Japan Equity ETFs Soar, Silver ETFs Slide

Exchange-traded products tracking Japanese equities topped the charts in April, while those emulating silver investments gave way under pricing pressure

Lee Davidson 9 May, 2013 | 2:08PM
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In April, the performance of exchange-traded products (ETPs) tracking Japanese equities  put them atop the league table in the European ETP universe. Over the course of the month, Japanese equity ETFs surged 12-13% depending on their underlying benchmark. Much of the enthusiasm for Japanese equities has stemmed from Japan’s uber-loose monetary stance which has been referred to as ‘Abenomics’ in the popular press—a play on the name of Japan’s newly elected Prime Minister,  Shinzo Abe. Mr Abe has advocated an economic platform characterised by aggressive monetary and fiscal stimulus, set an inflation target of 2%, is targeting depreciation of the yen and is looking to implement structural reforms designed to breathe life into Japan’s stagnant economy.

Despite having applied massive amounts of fiscal and monetary stimulus, Japan continues to trudge along a difficult road towards economic well-being. Over the past two decades, Japan's gross public debt has skyrocketed to a level representing more than 200% of GDP. With 20% of the country’s population over the age of 65, Japan's social security spending has been a significant contributor to this deficit, but persistent weak economic growth has also served to reduce tax revenues as a percentage of GDP. Tax receipts have recently reached levels last seen in the mid-1980s.

Energy prices remain a chief concern in Japan. Currently, Japan's energy costs are 40% higher than the US and nearly 2.5 times higher than South Korea due to a dearth of domestic energy sources. The post-tsunami nuclear disaster contributed to the most recent escalation in domestic energy prices. Furthermore, as international pressure mounted on Iran, Japan began to limit its imports of Iranian oil, which had previously accounted for 10% of its total oil consumption. Last year, Japan slashed its Iranian oil imports by nearly 80% to comply with Western sanctions and more cuts are scheduled for the coming months.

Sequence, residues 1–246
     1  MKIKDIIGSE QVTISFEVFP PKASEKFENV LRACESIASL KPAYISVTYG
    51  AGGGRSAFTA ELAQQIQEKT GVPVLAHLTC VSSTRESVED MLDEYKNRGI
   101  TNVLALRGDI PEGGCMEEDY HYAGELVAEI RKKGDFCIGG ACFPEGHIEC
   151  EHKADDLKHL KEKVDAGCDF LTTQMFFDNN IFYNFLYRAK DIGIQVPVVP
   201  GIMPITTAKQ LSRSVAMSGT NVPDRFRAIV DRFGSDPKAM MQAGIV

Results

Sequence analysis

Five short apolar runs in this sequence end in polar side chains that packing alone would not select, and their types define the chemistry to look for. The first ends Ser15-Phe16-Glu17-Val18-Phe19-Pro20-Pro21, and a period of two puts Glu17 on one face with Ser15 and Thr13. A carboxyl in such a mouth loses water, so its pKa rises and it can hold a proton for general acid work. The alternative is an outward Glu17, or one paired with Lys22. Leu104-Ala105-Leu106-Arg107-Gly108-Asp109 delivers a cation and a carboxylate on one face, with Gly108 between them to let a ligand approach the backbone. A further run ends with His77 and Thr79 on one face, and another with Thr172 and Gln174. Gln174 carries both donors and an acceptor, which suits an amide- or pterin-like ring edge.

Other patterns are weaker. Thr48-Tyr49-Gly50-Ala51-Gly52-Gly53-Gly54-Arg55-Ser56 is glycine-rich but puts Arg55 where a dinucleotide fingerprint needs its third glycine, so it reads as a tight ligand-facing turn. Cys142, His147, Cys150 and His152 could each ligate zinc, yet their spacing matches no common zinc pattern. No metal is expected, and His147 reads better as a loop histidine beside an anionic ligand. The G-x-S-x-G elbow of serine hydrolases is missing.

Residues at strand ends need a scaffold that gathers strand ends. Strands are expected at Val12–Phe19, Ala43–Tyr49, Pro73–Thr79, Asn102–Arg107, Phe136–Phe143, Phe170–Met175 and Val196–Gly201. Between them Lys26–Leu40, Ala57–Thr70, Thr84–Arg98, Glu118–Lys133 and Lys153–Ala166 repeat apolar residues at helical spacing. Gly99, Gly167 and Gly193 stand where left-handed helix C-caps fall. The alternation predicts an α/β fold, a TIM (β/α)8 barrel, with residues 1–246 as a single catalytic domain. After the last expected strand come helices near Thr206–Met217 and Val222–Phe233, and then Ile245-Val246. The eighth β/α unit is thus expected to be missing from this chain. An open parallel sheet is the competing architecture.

Arguably, the most significant issue affecting Japanese corporations in the past decade has been the appreciation of the yen. Over the past ten years, the Japanese yen has appreciated 2.35% on an annualised basis against the US dollar. For Japan's large-cap exporters, the yen’s rise has been a nightmare, weighing on their ability to remain competitive abroad. In an attempt to address this problem, the Bank of Japan (BOJ) has maintained an ultra-easy monetary policy stance with its benchmark overnight target rate set to 0.1%. Moreover, under BOJ Governor Haruhiko Kuroda, the BOJ plans to purchase 7.5 trillion yen worth of bonds each month and double the monetary base within the next two years. Thus far, these policies appear to be working as the yen has fallen 17.3% relative to the US dollar in the past six months.

On the other end of the performance spectrum, exchange-traded products in Europe tracking silver lost between 15-17% in April. This steep decline is likely due to the continued equity rally and muted inflation concerns—factors which have also been weighing on the price of gold of late. When inflation rises and/or the equity market loses steam, the demand for silver (and gold) often increases as investors seek a safe haven to park their assets. Indeed, historically silver and other precious metals have exhibited low to negative correlations to equity and fixed income securities and proved to be a dynamic inflation hedge. In addition to investment uses, silver also has broad array of industrial applications. According to the Gold Fields Mineral Services, industrial applications for silver have accounted for roughly 55% of the total silver demand in recent years. Therefore, while recent movements in the price of silver may be related to more mild inflation expectations, don’t expect the price of silver to be determined solely by movements in the global economy and investor risk appetites.

The information contained within is for educational and informational purposes ONLY. It is not intended nor should it be considered an invitation or inducement to buy or sell a security or securities noted within nor should it be viewed as a communication intended to persuade or incite you to buy or sell security or securities noted within. Any commentary provided is the opinion of the author and should not be considered a personalised recommendation. The information contained within should not be a person's sole basis for making an investment decision. Please contact your financial professional before making an investment decision.

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Lee Davidson

Lee Davidson  is an ETF analyst with Morningstar Europe.